Using wishlisting.org to teach agile…
First let me give you some background. Wishlisting.org is a service being built by agilityFeat as an example of agile software development techniques. We partnered with Beyond Requirements and Lithespeed at the Agile 2012 conference and the Agile Development Practices West conference this year to run hands on workshops for conference attendees. At each conference we had a table setup where I was writing code on a projector, and anyone who wanted to stop by and write code with us was welcome to contribute to the project. Kent McDonald from Beyond Requirements was also on hand so that anyone who wanted to stop in and help could assist him with writing user stories and acceptance criteria, or testing the application.
In this way, we were allowing people to see agile project management and engineering techniques in action on a small project. In between the conferences, I have been continuing to write code for wishlisting.org, primarily in support of our beta client, the Albemarle Housing Improvement Program.
Wishlisting.org helps charities fund specific projects
So what is wishlisting.org? In short, it is a website that allows charities to list multiple projects that they need funding for on a “wishlist.” Their supporters can donate money to those projects, and see how far they are towards the goal. In it’s current form, it’s very simple, and you can think of it as a kickstarter or microfunding platform for charities.
Watch this short video and I’ll give you a demo of the current features:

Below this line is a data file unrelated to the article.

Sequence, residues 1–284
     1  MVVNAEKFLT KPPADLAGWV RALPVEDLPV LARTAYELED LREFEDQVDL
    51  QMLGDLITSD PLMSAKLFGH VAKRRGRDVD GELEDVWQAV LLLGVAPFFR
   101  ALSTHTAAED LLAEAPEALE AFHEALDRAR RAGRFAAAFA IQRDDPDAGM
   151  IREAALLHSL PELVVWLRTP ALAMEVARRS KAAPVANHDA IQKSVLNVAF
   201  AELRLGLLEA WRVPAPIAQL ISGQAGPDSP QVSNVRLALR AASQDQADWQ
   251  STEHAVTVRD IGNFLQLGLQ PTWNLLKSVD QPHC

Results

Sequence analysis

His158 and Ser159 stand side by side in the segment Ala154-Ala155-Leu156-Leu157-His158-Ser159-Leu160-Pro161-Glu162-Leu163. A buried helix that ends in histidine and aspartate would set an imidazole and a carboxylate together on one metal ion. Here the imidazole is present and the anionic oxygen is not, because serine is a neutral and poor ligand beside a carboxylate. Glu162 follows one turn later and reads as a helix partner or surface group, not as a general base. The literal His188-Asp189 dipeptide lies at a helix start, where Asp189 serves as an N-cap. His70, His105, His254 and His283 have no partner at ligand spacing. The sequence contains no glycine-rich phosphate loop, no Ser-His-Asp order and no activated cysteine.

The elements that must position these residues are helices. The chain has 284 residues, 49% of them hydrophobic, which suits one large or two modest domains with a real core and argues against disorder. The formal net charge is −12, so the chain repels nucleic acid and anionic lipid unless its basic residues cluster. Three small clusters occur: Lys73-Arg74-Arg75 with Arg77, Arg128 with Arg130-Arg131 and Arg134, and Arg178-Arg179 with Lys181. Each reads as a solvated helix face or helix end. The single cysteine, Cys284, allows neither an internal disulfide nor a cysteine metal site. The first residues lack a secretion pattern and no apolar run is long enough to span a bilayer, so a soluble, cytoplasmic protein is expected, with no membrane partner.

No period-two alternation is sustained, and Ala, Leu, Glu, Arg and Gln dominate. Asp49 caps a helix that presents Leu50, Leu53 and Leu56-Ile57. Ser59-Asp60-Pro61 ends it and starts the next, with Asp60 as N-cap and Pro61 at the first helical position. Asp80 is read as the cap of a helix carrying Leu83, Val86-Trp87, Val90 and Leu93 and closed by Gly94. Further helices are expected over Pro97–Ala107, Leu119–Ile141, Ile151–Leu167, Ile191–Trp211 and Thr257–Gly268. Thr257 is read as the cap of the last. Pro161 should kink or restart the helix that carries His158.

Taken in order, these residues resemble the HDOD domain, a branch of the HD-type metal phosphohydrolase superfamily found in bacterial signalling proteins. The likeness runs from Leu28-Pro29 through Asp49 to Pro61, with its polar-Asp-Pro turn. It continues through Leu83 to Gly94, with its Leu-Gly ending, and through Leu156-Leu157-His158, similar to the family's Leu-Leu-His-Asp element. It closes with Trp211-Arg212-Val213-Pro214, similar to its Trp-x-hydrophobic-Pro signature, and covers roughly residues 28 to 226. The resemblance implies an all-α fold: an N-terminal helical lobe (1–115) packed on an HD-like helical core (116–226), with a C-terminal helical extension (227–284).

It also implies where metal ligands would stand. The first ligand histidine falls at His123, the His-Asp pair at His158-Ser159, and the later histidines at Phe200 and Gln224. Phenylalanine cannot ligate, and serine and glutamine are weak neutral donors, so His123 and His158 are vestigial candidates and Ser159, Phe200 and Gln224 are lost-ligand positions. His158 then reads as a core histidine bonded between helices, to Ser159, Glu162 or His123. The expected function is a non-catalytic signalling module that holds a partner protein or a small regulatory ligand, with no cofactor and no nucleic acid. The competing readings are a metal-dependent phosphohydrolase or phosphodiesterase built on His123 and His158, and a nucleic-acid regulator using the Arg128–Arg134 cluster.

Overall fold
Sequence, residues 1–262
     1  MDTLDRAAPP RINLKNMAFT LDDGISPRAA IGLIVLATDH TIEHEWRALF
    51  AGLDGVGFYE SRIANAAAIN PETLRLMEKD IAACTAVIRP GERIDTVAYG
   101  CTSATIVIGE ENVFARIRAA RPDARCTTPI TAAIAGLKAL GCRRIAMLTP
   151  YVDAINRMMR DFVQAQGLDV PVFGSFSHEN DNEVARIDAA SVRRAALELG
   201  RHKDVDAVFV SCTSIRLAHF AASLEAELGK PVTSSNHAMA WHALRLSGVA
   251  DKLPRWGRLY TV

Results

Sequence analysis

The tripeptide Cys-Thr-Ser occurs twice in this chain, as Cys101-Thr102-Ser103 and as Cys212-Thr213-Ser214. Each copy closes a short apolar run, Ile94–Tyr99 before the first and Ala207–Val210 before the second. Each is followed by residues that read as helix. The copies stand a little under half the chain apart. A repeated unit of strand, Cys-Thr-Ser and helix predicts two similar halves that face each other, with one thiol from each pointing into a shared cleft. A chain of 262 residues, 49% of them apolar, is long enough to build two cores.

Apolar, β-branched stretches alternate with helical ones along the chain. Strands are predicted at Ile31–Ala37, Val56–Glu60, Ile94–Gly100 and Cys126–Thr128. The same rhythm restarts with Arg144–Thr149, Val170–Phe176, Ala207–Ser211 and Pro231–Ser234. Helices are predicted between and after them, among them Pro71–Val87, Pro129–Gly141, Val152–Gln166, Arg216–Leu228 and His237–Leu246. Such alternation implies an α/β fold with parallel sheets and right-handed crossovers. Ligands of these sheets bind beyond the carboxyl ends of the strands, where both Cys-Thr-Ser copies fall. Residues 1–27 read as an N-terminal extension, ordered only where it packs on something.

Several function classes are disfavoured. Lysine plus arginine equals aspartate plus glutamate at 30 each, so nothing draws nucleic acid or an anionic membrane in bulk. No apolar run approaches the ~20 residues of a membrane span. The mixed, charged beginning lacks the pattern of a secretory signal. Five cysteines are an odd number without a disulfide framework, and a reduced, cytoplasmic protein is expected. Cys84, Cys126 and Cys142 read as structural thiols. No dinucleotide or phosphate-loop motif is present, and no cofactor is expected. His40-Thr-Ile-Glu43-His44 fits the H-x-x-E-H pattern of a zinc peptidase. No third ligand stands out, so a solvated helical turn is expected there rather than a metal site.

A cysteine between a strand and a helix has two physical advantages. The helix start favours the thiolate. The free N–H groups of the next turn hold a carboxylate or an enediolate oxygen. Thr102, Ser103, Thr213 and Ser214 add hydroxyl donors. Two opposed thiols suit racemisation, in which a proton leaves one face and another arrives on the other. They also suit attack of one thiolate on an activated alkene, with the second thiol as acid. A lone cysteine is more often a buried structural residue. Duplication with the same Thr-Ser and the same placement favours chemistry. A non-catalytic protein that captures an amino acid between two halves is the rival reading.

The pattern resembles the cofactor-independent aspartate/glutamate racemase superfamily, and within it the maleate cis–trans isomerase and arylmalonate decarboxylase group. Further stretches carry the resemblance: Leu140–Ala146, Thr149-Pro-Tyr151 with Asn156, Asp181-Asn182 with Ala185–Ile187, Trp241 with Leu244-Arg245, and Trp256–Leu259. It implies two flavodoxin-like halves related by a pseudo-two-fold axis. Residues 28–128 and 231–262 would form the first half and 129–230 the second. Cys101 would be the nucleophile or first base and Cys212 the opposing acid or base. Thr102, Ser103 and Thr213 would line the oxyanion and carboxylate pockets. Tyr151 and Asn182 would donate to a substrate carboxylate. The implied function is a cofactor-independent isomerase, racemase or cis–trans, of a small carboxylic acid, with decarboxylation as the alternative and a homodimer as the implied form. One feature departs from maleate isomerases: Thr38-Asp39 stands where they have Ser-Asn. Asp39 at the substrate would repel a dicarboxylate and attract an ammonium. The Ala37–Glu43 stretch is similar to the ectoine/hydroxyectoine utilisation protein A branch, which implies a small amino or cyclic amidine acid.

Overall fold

Now let’s demo a little code!
If you’re interested to see a little bit under the covers, then you’ll want to keep reading. We are building the site in Ruby on Rails and hosting it on Heroku. As I mentioned above, we are applying agile engineering techniques to the project, which includes Acceptance Test Driven Development, or ATDD.
ATDD basically means that Kent will write a user story of what functionality he wants to see, and then list some acceptance criteria for it in this format:
Given (some precondition)
When (the user takes some action)
Then (this result is displayed)
Then I take Kent’s acceptance criteria and automate them using a tool called Cucumber. I can write those tests even before I write the code, and that way when I get the tests to pass, I know that I have completed that user story. To see more about how this works, watch the next video:
Finally, those automated tests are great, but only when I remember to run them. Agile projects also incorporate Continuous Integration, or CI. CI Servers will notice whenever a developer checks in code, the CI server will get a copy of that code and execute it in a test environment. The CI server will run any Cucumber tests that the developers have written and make sure they pass in the test environment. If they don’t pass, the team is notified so they can fix the code right away. This ensures that the team in continuously integrating their code with each other without breaking existing functionality.
wishlisting.org is a work in progress
So where does wishlisting.org go from here? This is a side project, so I basically work on it as I can between conferences. My most immediate deadline is that AHIP wants to start using it, which is why the features developed so far have focused on building a usable front end for them to start taking donations. After we do some more work on the payment aspects, I hope to start cleaning up the home page for wishlisting.org and putting in the features necessary to start opening up the service to other charities beyond AHIP.
Stay tuned for more examples of agile development and the wishlisting.org project!
Want to learn more?
Do you want to learn more about the techniques shown in this blog post? Then you should attend DareToBeLean! It’s a 3 day workshop that the agilityFeat team is putting together on the beach in Costa Rica. We’ll be doing hands on exercises about many of the topics in this blog post, so come join us!